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Images in clinical medicine

Isolated common iliac artery aneurysm

Isolated common iliac artery aneurysm

Othman Zahdi1,2,&, Brahim Lekehal1,2


1Mohammed V University in Rabat, Rabat, Morocco, 2Vascular Surgery Department, Ibn Sina University Hospital Centre, Rabat 10104, Morocco



&Corresponding author
Othman Zahdi, Vascular Surgery Department, Ibn Sina University Hospital Centre, Rabat 10104, Morocco



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A 67-year-old male consulted for abdominal pain dating back one month. The patient had as cardiovascular risk factors smoking and arterial hypertension. The physical examination found a pulsatile abdominal mass, in the right iliac fossa, the peripheral pulses were palpated bilaterally and symmetrically. A computerized tomography (CT scan) angiography revealed an isolated aneurysm of the right common iliac artery measuring 40mm in diameter, without proximal neck, and extended to the iliac bifurcation (A). The surgical indication was justified by the high risk of rupture. An open surgical repair was preferred to endovascular repair given the anatomical layout. After a midline laparotomy, the aneurysm was individualized carefully by a transperitoneal approach, and the aorta and the distal iliac arteries were controlled (B). The aneurysm was opened, an arterial reconstruction was done using a bifurcated pollster graft (16/8mm), with an aortic proximal end to end anastomosis below the inferior mesenteric artery. Two distal end to end anastomosis on the left common iliac artery, and right hypogastric artery, with reimplantation of the external artery laterally on the right leg of the graft (C). The postoperative course was uneventful, and the patient was discharged on the 5th day. He was reviewed at three months' follow-up, with good patency of the arterial restoration.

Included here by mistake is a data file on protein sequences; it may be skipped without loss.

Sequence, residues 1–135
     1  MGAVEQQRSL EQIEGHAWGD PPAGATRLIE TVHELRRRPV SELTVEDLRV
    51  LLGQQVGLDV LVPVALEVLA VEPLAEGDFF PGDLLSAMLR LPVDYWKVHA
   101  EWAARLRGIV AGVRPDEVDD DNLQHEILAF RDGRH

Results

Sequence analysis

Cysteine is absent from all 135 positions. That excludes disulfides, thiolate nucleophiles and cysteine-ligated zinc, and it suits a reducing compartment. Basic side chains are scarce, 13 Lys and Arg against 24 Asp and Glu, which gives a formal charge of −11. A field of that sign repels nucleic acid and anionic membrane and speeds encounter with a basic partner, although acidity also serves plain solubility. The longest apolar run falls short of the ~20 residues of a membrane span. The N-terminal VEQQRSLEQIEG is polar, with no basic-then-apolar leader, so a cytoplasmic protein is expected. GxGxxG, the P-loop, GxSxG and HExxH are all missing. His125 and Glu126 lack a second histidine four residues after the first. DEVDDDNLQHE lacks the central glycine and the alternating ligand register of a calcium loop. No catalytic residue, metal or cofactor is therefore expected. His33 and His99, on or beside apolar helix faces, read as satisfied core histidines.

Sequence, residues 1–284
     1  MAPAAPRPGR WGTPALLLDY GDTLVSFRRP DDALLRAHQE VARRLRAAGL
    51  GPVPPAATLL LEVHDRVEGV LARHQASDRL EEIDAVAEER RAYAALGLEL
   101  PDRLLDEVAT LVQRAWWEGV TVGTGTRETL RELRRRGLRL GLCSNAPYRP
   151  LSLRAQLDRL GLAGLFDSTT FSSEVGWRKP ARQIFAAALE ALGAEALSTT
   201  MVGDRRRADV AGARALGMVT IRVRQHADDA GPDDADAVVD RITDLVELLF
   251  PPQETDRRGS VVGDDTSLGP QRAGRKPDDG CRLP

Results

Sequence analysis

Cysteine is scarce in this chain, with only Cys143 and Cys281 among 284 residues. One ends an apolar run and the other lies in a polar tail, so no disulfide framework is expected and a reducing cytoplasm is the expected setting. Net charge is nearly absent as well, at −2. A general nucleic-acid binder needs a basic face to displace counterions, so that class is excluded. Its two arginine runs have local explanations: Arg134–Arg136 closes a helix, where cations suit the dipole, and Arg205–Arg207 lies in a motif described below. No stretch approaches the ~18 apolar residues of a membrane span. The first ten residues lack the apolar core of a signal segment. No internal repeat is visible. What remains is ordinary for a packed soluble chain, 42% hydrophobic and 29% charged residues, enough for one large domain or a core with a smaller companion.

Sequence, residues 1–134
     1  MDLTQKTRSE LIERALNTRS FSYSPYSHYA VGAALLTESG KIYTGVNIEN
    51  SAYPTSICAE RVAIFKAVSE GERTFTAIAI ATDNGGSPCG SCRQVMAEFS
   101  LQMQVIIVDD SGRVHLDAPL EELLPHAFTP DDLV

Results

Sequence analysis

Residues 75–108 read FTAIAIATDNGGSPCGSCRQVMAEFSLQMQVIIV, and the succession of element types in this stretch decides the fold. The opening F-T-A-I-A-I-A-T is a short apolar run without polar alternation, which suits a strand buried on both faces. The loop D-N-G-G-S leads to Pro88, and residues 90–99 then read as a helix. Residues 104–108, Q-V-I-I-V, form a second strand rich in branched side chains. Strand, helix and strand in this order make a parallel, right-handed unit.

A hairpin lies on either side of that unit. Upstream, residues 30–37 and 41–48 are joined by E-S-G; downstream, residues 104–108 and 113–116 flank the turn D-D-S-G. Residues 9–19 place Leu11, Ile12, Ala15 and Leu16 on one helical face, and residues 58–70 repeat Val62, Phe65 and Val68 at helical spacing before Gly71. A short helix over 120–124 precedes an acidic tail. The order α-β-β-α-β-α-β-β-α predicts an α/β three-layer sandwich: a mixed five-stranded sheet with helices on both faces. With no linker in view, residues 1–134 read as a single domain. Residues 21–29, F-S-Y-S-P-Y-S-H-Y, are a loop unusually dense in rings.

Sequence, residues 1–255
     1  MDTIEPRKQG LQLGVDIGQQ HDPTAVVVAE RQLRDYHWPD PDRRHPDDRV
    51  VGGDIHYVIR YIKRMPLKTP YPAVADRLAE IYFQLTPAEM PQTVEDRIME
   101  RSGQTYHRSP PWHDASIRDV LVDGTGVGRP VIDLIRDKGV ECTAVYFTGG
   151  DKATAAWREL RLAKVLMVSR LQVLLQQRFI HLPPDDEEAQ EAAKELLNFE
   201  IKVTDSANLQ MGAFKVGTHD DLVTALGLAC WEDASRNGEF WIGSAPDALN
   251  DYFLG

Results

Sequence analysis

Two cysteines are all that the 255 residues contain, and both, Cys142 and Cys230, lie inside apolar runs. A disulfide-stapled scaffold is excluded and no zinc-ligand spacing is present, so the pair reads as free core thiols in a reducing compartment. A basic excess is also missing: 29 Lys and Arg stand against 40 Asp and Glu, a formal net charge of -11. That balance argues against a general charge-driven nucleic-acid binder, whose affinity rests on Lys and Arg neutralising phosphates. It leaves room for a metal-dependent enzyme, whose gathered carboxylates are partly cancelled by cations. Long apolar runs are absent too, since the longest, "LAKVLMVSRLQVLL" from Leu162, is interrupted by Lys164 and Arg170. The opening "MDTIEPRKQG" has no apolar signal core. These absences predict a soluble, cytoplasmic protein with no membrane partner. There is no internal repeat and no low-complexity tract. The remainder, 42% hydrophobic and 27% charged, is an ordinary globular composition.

Figure 1: A) CT scan angiogram showing right common iliac artery aneurysm; B) intraoperative view of the isolated aneurysm and the control of aorta and distal iliac arteries; C) operative view of the arterial reconstruction